Additional research on the family added a mystery. There were two surviving infants, but only one lived to be an adult. I wondered what happened to George Boll. Judy was able to send me a funeral card for him.

Boll Georg death013 (2).jpg
I don't read German, so if a reader could translate the text and enter it in the comments, I'd really appreciate it.

If you want to know more about funeral cards, genealogist Elizabeth Kelley Kerstens has an online article on the topic. Geneablogger Dee Welborn has a great blog on these cards, Funeral Cards and Genealogy.  Fascinating stuff!  If you thought they were just death announcements, check out Dee's site. You can learn a lot about your family from these seemingly simple cards. 

Judy Linnebach also sent me a photo of an unidentified dead ancestor and a picture of a child who died from hydroencephalitis. If you want to see them, leave me a comment and I'll post them.

In the meantime, please e-mail me photos of multiple births before 1900.


1880s photos | children | unusual photos
Monday, April 12, 2010 4:42:14 PM (GMT Daylight Time, UTC+01:00)  #  Comments [6]
# Monday, April 05, 2010
Mother Hubbard
Posted by Maureen

Last week I featured Judy Linnebach's picture of a 19th-century couple and their triplets. If you have a photo of a pre-1900 set of triplets, I'd love to post it in this space. Just about everyone who commented mentioned a multiple birth in their family. I can't wait to see the photos—you can e-mail them to me

Here's the rest of the story about Judy's photo.

triplets.jpg

When she wrote to me, she asked if this could be John Basilius Boll, his wife Barbara Platzer Boll and their children. According to her research, the couple married in 1879 and had two children before they had a set of twins in 1883. Is it possible that one of the triplets died and the death went unrecorded? Let's examine the evidence.

The picture is a card photograph measuring 2.5x4 inches. It's the size of a carte de visite. These small card photos were first introduced into the United States in 1859 and remained popular for decades. The thin red line border was first common in the late 1860s.

Tobias and Co. took this photo. On the back of the image is the name of the company and key details about their location and practice.

triplets2 back.jpg

What I find interesting is the first sentence of the second paragraph: "To Mothers and heads of Families, we wish to call their attention to the frequent trouble of obtaining good and permanent Pictures of Babies." Tobias & Co. had a patented process to guarantee success.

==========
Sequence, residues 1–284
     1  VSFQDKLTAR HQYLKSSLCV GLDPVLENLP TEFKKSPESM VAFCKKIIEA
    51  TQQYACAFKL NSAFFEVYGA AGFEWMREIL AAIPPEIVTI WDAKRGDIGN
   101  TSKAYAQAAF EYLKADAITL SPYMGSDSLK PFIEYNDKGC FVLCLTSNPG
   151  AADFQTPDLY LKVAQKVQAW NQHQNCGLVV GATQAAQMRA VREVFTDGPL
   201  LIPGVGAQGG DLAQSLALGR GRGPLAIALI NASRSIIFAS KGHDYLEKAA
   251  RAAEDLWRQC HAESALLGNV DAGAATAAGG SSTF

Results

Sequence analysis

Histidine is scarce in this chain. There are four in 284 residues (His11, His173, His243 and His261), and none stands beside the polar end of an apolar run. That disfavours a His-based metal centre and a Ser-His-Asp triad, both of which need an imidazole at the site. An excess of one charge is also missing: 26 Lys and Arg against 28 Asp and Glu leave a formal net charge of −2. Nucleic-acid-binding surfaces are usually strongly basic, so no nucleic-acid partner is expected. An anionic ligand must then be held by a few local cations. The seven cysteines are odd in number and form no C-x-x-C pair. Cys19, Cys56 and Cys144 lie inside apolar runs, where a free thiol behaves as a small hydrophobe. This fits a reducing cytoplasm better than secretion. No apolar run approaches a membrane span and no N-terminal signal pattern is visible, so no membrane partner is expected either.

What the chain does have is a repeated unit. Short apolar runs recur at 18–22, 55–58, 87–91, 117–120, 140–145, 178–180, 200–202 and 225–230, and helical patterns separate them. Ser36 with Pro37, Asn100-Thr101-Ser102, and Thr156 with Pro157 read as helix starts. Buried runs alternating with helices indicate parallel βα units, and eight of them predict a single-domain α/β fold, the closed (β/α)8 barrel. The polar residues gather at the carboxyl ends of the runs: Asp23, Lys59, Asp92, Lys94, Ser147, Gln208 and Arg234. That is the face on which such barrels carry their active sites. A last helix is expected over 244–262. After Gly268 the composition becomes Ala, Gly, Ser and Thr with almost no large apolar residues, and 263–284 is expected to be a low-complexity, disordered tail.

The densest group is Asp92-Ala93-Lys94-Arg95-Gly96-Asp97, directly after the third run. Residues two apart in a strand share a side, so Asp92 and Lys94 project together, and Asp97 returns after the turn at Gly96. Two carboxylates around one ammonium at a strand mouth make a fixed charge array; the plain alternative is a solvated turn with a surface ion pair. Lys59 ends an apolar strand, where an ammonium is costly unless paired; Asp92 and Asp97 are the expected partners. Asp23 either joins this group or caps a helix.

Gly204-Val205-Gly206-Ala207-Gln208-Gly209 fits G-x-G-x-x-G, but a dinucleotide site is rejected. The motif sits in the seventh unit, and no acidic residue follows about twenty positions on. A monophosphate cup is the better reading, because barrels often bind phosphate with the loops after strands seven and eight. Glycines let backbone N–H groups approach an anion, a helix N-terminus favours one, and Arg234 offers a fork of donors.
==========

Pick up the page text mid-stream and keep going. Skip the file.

To locate more information on Tobias, I contacted the St. Louis Public Library and spoke with librarians in both the local history collection and in fine arts. The company appeared in 1878 and later city directories, but by the mid-1880s Henry Tobias was a printer.  It was unclear from census data if this was the same man who ran the photo studio.

This photo was found in a Bible once owned by Judy's father's maternal grandmother, Lena Wilhelms. Given that it wasn't directly connected to the Boll family, I asked Judy to research all the branches of the family to see if there was another multiple birth. Last week, we learned that multiple births were hereditary, so it's quite possible that this could depict someone else in her family. No luck! 

There was another possibility though: Lena's daughter Emma was a genealogist and collected information on the Boll family. It's likely that she placed the pictures in the Bible for safe-keeping.

The clothing clues in this picture are fascinating. The husband wears a simple work shirt (the Bolls were farmers). The wife's dress is barely visible except for a plain neckline and lace-trimmed cuffs. My grandmother always wore a "house dress" when she was home, and I wondered if the same wasn't true in the 1880s. While this woman's dress isn't the current 1880s dress that you see if fashion encyclopedias, there was a wide variety of dresses for women. 

In the 1880s, a new style of dress became popular for pregnant women. It was called a Mother Hubbard. Loose-fitting and comfortable, these cotton dresses could be made with a pattern available from a catalog. The mother in this photo had likely just given birth—these are very small infants. With three babies to breast-feed, a comfortable dress like a Mother Hubbard would be perfect attire. They often featured trim at the cuffs, just like you see here.

They were so comfy that many other women wore them belted in summer to stay cool. It was a controversial choice. In the Oct. 26, 1884, New York Times, an article titled, "The Mother Hubbard in Chicago" talked about variations of the dress being worn by women in one neighborhood and how one particular woman had been arrested for it. It ended on a reassuring note: "Ladies who wear Mother Hubbard dresses on the street need not be alarmed. There is no ordinance in Chicago against the wearing of them, although such an ordinance is in vogue in the town of Morris, Ill."

According to Joan Severa in Dressed for the Photographer: Ordinary Americans & Fashion, 1840-1900 (Kent State University Press), these dresses were meant for indoor use. They were house dresses, not to be worn outdoors.

So could this picture depict the Bolls and their children in 1883?  The evidence is conflicting.
  • In late December 1883, the Bolls had twin boys baptized—Charles and George.
  • In the 1900 census, the family is listed except for George. I have to double-check with Judy on his whereabouts. When asked, Barbara said she'd given birth to six children but that only five were still living. Could this refer to a deceased George? There were five children currently living with the parents. Why not mention another child if one of the triplets died?
  • Could another multiple birth in the family have gone unrecorded? It's possible.
Right now it appears that this photo documents the Boll family.
  • The mother's dress dates from the 1880s.
  • The photographer could still be taking images in his printing business (if, of course, it's the same man)
  • There are no other documented multiple births in the family. 
  • Judy has one documented multiple birth—the twin boys.
If this is the Bolls and their babies, then one of these triplets is likely deceased. This was a complicated case.

It's a haunting image.  Next week I'll be back with some other unusual pictures from Judy's family!


1880s photos | children | unusual photos | women
Monday, April 05, 2010 5:40:39 PM (GMT Daylight Time, UTC+01:00)  #  Comments [1]